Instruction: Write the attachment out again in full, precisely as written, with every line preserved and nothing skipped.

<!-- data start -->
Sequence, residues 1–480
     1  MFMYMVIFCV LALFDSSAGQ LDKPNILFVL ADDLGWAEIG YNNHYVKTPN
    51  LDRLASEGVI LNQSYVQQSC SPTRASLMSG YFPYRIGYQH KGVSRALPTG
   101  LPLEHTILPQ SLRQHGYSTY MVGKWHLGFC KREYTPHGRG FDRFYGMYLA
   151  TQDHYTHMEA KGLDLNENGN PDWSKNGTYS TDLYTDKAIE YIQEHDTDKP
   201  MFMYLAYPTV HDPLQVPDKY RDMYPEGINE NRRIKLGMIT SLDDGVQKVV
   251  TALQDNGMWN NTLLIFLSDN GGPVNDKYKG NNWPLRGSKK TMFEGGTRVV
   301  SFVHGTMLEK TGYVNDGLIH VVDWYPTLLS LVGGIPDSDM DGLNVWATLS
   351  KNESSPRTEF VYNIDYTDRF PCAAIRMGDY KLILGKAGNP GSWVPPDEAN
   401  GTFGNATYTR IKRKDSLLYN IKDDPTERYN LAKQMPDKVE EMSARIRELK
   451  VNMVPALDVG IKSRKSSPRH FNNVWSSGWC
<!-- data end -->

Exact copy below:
Sequence, residues 1–480
     1  MFMYMVIFCV LALFDSSAGQ LDKPNILFVL ADDLGWAEIG YNNHYVKTPN
    51  LDRLASEGVI LNQSYVQQSC SPTRASLMSG YFPYRIGYQH KGVSRALPTG
   101  LPLEHTILPQ SLRQHGYSTY MVGKWHLGFC KREYTPHGRG FDRFYGMYLA
   151  TQDHYTHMEA KGLDLNENGN PDWSKNGTYS TDLYTDKAIE YIQEHDTDKP
   201  MFMYLAYPTV HDPLQVPDKY RDMYPEGINE NRRIKLGMIT SLDDGVQKVV
   251  TALQDNGMWN NTLLIFLSDN GGPVNDKYKG NNWPLRGSKK TMFEGGTRVV
   301  SFVHGTMLEK TGYVNDGLIH VVDWYPTLLS LVGGIPDSDM DGLNVWATLS
   351  KNESSPRTEF VYNIDYTDRF PCAAIRMGDY KLILGKAGNP GSWVPPDEAN
   401  GTFGNATYTR IKRKDSLLYN IKDDPTERYN LAKQMPDKVE EMSARIRELK
   451  VNMVPALDVG IKSRKSSPRH FNNVWSSGWC